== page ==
By Dee Langston on March 6, 2018
The Currituck Board of Commissioners voted 5-1 Monday to require parking permits during the height of the summer season for the off-road section of the county’s beaches.
The vote was a repeat of the outcome of a Feb. 19 vote on the issue, with Commissioner Mike Hall of Moyock again saying “nay” to the proposal.
“We’re not here to discourage day-trippers,” Hall said prior to Monday’s vote. “We have other beaches; we have a lot of parking areas; we’ve added places where you can find out what’s available for you to go visit,” he said.
“But I think we need to take a chance to see if these other options are working,” he added. However, he commended county staff and the board for the work that was put into the ordinance.
“I’m impressed at every level, but are we ready to begin it this year? Should it be done before we find out if the other changes that we’ve made will work?”
The rest of the board apparently disagreed with Hall, with some pointing out that safety on the northern beaches is a topic that has been discussed for years.
“Yes, we need to start,” Commissioner Mike Payment said, adding that the ordinance could be changed or tweaked as needed.
Commissioner Paul Beaumont said that residents of Carova Beach had asked the board to consider parking permits. “This didn’t happen in a vacuum,” he said. “We’re trying to protect kids, visitors, guests and residents.”
The parking permits are intended to cut back on the amount of traffic on the county’s northern beaches, which are clogged with vehicles, beach-goers and anglers during the summer months.
“The number-one issue is safety,” Commissioner Bob White said. “These roads are our roads. This is how I get home every day. If we don’t get control over the amount of traffic up there, we’ve got a very real problem.”
Commissioner Kitty Etheridge of Shawboro was absent from Monday’s meeting, but voted in favor of the ordinance amendment last month.
Although some speakers during the public comment section of the meeting suggested that requiring a permit to drive on the beach might be the best option, White said that wasn’t feasible.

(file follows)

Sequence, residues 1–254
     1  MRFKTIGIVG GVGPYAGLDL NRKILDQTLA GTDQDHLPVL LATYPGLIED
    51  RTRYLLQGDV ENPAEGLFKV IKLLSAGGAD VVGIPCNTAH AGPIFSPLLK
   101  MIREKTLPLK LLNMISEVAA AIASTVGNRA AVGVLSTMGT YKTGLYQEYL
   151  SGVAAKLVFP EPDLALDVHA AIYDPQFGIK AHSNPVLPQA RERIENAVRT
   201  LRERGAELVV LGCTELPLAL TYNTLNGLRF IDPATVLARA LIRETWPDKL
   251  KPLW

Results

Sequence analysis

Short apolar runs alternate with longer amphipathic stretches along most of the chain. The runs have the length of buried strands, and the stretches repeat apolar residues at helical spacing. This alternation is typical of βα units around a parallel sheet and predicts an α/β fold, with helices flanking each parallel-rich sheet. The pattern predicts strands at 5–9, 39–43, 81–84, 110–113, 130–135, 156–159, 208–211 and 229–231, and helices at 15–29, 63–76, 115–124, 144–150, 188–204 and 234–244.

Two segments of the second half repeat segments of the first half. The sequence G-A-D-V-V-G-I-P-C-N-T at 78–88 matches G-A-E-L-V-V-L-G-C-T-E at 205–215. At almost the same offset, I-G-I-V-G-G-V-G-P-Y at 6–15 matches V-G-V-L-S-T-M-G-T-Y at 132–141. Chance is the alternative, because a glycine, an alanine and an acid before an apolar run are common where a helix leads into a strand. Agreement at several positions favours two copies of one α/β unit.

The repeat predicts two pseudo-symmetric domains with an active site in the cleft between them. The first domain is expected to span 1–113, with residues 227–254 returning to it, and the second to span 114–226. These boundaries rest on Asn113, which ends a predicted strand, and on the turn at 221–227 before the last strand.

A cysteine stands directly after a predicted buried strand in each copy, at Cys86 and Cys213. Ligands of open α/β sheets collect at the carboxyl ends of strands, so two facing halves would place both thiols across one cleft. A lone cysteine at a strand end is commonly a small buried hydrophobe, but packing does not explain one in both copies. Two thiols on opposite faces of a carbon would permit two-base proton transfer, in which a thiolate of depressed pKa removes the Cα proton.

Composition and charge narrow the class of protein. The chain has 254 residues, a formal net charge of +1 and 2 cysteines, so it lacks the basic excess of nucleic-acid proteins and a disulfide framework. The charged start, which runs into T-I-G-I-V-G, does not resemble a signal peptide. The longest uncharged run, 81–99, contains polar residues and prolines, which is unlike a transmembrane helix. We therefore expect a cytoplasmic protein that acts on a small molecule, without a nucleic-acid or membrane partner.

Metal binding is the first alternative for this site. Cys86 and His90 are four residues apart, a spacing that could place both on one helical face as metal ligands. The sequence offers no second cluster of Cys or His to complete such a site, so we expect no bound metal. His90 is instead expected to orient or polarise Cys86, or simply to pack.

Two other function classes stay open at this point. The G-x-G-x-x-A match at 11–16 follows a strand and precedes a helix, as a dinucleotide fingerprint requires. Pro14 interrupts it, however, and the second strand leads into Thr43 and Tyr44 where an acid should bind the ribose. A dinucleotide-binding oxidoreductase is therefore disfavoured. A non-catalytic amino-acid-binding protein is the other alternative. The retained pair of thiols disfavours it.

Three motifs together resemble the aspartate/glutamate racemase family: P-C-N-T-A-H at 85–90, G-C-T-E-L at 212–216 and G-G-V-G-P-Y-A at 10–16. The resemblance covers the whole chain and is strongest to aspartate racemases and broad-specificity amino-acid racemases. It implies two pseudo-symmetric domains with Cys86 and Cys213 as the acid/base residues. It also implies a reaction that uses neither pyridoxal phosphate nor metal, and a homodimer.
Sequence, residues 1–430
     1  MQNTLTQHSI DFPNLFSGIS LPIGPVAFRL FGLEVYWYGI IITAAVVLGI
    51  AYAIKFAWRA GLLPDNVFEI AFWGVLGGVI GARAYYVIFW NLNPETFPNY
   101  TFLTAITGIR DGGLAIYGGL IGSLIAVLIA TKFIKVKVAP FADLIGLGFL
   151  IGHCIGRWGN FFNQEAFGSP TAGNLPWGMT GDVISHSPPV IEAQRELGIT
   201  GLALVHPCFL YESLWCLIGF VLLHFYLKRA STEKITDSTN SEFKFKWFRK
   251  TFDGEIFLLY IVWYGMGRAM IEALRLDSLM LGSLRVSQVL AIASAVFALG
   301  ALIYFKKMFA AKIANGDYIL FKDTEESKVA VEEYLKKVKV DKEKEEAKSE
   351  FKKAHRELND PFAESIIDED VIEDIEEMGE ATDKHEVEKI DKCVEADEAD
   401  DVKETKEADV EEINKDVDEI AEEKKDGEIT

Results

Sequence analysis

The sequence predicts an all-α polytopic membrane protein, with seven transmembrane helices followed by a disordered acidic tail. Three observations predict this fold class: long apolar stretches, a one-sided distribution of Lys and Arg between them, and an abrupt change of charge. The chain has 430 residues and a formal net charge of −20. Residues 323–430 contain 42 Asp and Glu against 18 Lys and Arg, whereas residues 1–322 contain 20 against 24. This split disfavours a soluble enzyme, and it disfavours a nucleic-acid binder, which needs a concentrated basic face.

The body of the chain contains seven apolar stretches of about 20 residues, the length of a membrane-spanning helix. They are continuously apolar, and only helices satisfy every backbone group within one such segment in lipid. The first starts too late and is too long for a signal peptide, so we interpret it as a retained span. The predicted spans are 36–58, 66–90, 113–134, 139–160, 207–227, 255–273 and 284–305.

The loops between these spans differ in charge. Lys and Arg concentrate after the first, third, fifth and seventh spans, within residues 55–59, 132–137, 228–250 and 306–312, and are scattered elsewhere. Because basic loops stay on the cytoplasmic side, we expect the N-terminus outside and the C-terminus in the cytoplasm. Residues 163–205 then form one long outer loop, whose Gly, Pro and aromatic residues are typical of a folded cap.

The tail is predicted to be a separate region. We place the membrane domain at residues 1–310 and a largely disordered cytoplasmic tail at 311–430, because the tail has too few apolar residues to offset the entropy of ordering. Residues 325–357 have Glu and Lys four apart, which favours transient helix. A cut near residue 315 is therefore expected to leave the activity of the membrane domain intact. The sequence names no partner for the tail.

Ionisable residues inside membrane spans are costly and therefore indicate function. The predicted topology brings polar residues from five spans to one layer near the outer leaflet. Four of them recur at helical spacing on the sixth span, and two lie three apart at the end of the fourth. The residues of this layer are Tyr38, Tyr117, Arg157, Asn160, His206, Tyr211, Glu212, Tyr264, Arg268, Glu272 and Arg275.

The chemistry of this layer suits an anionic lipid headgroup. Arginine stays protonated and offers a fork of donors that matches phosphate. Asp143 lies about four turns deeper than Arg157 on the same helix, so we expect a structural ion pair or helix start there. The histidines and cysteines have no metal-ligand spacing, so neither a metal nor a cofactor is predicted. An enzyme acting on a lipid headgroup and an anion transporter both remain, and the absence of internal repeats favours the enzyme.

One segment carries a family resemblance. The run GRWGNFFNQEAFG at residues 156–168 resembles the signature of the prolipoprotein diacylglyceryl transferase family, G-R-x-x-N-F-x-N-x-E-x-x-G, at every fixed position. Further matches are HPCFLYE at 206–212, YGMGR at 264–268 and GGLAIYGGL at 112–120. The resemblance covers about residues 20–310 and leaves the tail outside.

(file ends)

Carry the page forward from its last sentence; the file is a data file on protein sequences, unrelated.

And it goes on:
“You couldn’t put a gate at that cattle gate,” he said, adding that traffic backed up at the gate would cause even bigger problems.
The new ordinance requires permits to park on the 14-mile stretch of beach from Corolla village to the state line from the Friday before Memorial Day until 11:59 p.m. Labor Day, allowing anyone to park on the beach the rest of the year at no charge.
Currituck County residents and non-resident property owners will be allowed free permits for each vehicle they own, which will be assigned to the vehicles and not transferable. In addition, property owners in the off-road section of the county will be allowed two additional permits for guests.
Owners of homes in a rental program that are beyond the North Beach Access Ramp will be able to obtain up to two permits per house at no charge, which can be used by renters.
People who don’t live in or own property in Currituck may purchase parking permits at the county’s tourism offices in Moyock and Corolla, County Manager Dan Scanlon said. Visitors will also be able to purchase the permits online, he added.
Although previous discussions of the ordinance included watching a video about the new rules prior to purchasing a permit, Scanlon said those wishing to buy a permit will simply be required to sign a statement saying they understand the parking ordinance.
Fees for the parking permits will be established during the county’s budgetary process, Scanlon said. County staff is currently working on a proposed fee schedule and should have recommendations in place before May 1, he added.
Exemptions to the parking permits will be granted to commercial fishermen, hunters, outdoor tour operators that have valid county-issued licenses for their businesses and are conducting an active tour at the time, along with contractors who are working for the county or on projects such as beach restoration or walkways and decks to the beach.
The passes would not be required of those who just want to sightsee in the four-wheel drive areas along and north of Corolla village.
Because the ordinance did not pass by unanimous vote at its first reading, it had to be voted on again Monday, and only required a majority to pass.